The body responsible for choosing the next Archbishop of Canterbury has failed to agree who should be the successor to Dr Rowan Williams.
Despite a three day session, aided by prayers invoked on Twitter with the hashtage #prayforthecnc, the 16-member committee has been unable to decide on who should take on the job that the present incumbent today implied was “impossible.”
A source told The Times that a decision on who should succeed Dr Rowan Williams was not expected soon. “A decision is not imminent,” he said.
MORE: AnglicanTV has a breaking news update:
|Lord Luce chairs the CNC|
The CNC is an elected, prayerful body. Its meetings are necessarily confidential to enable members to fulfil their important responsibilities for discerning who should undertake this major national and international role. Previous official briefings have indicated that an announcement is expected during the autumn and that remains the case; the work of the Commission continues. There will be no comment on any speculation about candidates or about the CNC’s deliberations. Dr Williams remains in office until the end of December.
Update from George Conger at Anglican Ink:
The Crown Nominations Commission (CNC) has been unable to agree upon a candidate for the post of Archbishop of Canterbury.
This week’s third and final meeting of the CNC was to have provided two names to Prime Minister David Cameron – a first choice and an alternate. However, on 28 Sept 2012 the Church of England press office released a statement at the close of the three day meeting of the Commission that indicated it had not been able to agree upon a candidate.
The statement read:
“This week's meeting of the Crown Nominations Commission (CNC) has been accompanied by much speculation about possible candidates and the likely timing of an announcement of the name of who will succeed Dr Rowan Williams as Archbishop of Canterbury when he steps down to become Master of Magdalene College.”
“The CNC is an elected, prayerful body. Its meetings are necessarily confidential to enable members to fulfil their important responsibilities for discerning who should undertake this major national and international role. Previous official briefings have indicated that an announcement is expected during the autumn and that remains the case; the work of the Commission continues. There will be no comment on any speculation about candidates or about the CNC's deliberations. Dr Williams remains in office until the end of December.”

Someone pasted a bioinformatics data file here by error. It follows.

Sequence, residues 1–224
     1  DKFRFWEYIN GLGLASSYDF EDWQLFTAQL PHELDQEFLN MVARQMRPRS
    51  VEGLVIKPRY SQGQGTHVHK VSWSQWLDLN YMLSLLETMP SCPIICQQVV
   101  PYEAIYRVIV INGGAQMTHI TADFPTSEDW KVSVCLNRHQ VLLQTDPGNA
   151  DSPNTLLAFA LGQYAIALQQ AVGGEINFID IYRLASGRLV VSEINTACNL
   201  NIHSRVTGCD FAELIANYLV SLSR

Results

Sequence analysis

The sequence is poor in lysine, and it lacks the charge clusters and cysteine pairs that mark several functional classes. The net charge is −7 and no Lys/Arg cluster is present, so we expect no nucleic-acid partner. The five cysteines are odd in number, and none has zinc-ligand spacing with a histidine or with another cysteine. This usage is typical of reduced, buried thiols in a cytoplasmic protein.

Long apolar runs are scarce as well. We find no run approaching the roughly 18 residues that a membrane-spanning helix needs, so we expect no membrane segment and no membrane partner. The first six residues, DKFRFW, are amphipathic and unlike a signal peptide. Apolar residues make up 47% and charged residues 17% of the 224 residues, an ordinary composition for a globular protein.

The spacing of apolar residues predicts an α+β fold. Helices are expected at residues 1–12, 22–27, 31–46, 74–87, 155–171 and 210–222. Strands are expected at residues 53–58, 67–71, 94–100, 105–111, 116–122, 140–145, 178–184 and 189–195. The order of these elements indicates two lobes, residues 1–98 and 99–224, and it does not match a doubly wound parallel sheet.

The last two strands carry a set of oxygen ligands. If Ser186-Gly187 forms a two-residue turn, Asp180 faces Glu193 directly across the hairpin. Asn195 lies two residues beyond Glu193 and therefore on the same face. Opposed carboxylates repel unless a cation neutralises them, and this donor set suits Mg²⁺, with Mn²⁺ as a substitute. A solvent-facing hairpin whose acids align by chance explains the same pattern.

While the announcement on its face appears to be vague, the delay in announcing the name of the new archbishop from the coming week to sometime “during the autumn” and the news the “work of the Commission continues” even though it had concluded its final meeting to select the 105th Archbishop of Canterbury indicates the process has stalled.
Anglican Ink’s Peter Ould told host Kevin Kallsen that he interpreted the statement to mean the committee had deadlocked. He speculated the likely cause of the deadlock could have been the potential selection of the Archbishop of York, Dr. John Sentamu, or Bishop of Durham, Justin Welby.
Dr. Sentamu has angered liberals within the Church of England over his robust rejection of same-sex marriage and a small but vocal minority of opponents has consistently objected to his candidacy. The Bishop of Durham has been in office for less than a year, and Mr. Ould speculated his selection for the church’s top post would be a cause of concern due to his inexperience. Sources have also informed Anglican Ink that a third contender, the Bishop of London, Richard Chartres – whose chances for selection have risen sharply in the past few weeks, has been passed over for the post.
The way forward is unclear. At the present time no further meetings have been set for the commission, but no other body is able to submit names to the Prime Minister.
Until a major revision in 2007, the commission sent their nominee to the Prime Minister who could forward that selection to the Queen or chose someone else. England's Prime Minister Margaret Thatcher did just that in 1990 and rejected the commission's selection, choosing George Carey instead. With the 2007 revision, the Prime Minister appears to be now a mere formality (and a further sign of disestablishment) and he now just passes on the commission's selection unless it can be determined there is a serious impediment with the commission's nominee. But even if that happens, the "spare" selection will simply be appointed instead.